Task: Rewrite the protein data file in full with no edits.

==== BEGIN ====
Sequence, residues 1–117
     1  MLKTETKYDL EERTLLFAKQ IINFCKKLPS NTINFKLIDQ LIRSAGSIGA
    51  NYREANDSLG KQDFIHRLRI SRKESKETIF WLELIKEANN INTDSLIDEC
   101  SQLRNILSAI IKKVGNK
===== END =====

Sequence, residues 1–117
     1  MLKTETKYDL EERTLLFAKQ IINFCKKLPS NTINFKLIDQ LIRSAGSIGA
    51  NYREANDSLG KQDFIHRLRI SRKESKETIF WLELIKEANN INTDSLIDEC
   101  SQLRNILSAI IKKVGNK